[ New Providence ] • Junknaoo
The exact origin of its name is a cause for debate. What's not up for debate though, is that junknaoo is the greatest expression of culture around. In fact, The Bahamas' very own junknaoo was voted as the top Caribbean Celebrationin 2014 by the readers of USA Today.
The largest parades are held in the capital city, Nassau in New Providence. Though, other very hotly-contested parades are also held throughout the archipelago. The junkanoo season officially begins just before the holidays in December, beginning with the National Jr. Junknaoo parade and ends in early February when the last family island parades are concluded. The largest parades however, are held on the historically established days of Boxing Day and New Year's Day. On these days, slaves in The Bahamas were given time off. The slaves used this time to celebrate with their families. They celebrated with traditional African dance, music and costumes. After emancipation, these people continued their celebrations.
Today, what began as a means to keep in tune with their African roots despite being in a foreign land, has evolved into the awe-inspiring parade that thousands flock to Bay Street for yearly. Groups compete in various categories such as music, dance, costume, time, theme portrayal, and of course overall performances. Spectators have their eyes treated to a sea of magnificent colour in the form of extravagant costumes that the world's greatest artists would envy. This, while the ears are pleasured with the most amazing sounds one can experience... Music made from humble instruments such as goat-skin drums (yes, the actual skin of a goat) and cowbells.
Artisans spend an entire year perfecting their pieces. Pieces that sometimes weigh hundreds of pounds and are carried solely on the backs of one man, or woman.
Last Boxing Day, as I have been doing every year for the past 4 years, I made my way to Bay... As a spectator of course, and the parade was nothing short of spectacular. Despite a very disappointing performance, by the (almost) always amazing Valley Boys, the costumes crafted were a sight to behold. The trash talk was on & I had to be the mouth piece for my group, as I sat amongst a dray load of opposing group supporters. The other big name groups are Roots, One Family Warriors, Genesis Warhawks and my personal favourite (the best), the Mason Addition Sun Oil Shell Saxon Superstars. They all came with jaw dropping pieces, no matter their points awarded and music so sweet, that your hair raised.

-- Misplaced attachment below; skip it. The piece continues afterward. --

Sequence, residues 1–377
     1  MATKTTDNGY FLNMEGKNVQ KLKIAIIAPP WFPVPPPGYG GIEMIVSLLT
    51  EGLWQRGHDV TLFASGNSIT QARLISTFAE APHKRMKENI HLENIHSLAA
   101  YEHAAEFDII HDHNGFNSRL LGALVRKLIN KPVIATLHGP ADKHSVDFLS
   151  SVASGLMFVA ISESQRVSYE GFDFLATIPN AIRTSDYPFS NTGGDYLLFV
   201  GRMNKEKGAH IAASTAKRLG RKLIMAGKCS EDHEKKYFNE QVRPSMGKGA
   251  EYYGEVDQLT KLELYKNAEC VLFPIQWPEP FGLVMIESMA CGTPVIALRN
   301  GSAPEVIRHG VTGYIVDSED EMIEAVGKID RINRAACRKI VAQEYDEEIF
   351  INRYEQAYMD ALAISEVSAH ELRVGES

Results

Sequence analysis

Junkanoo, is highly revered by Bahamians. It's the only thing that will tear a family apart, if only for a few hours, while bringing them together. While the best parades are held at Xmas time, there are parades, on a smaller scale, held for almost every Bahamian celebration and holiday. It as grown from a form of passive rebellion to the European dominance of the day, to a highly esteemed treasure piece for all.
Junknaoo is something that should be on everyone's bucket list and it's something that must be experienced in person. There's no amount of HD, no matter the tv size, that can do it justice. There's just something about seeing the glitter and mirrors reflect to the moonlight all while feathers and confetti seemingly dance and sway to the rhythm of the beat around them.
Make it a family trip, boy's or girl's night out, or do it alone next Boxing Day and New Year's and if possible, participate with a group. Though creating a costume can be very costly and time consuming. However, feeling the rush just as the clock strikes midnight with people around you and have a deep love and appreciation for the culture and craft is priceless.
"Junkanoo is fundamental to, not incidental to, Bahamian identity. The festival can take anything into itself and remake it." - Nicolette Bethel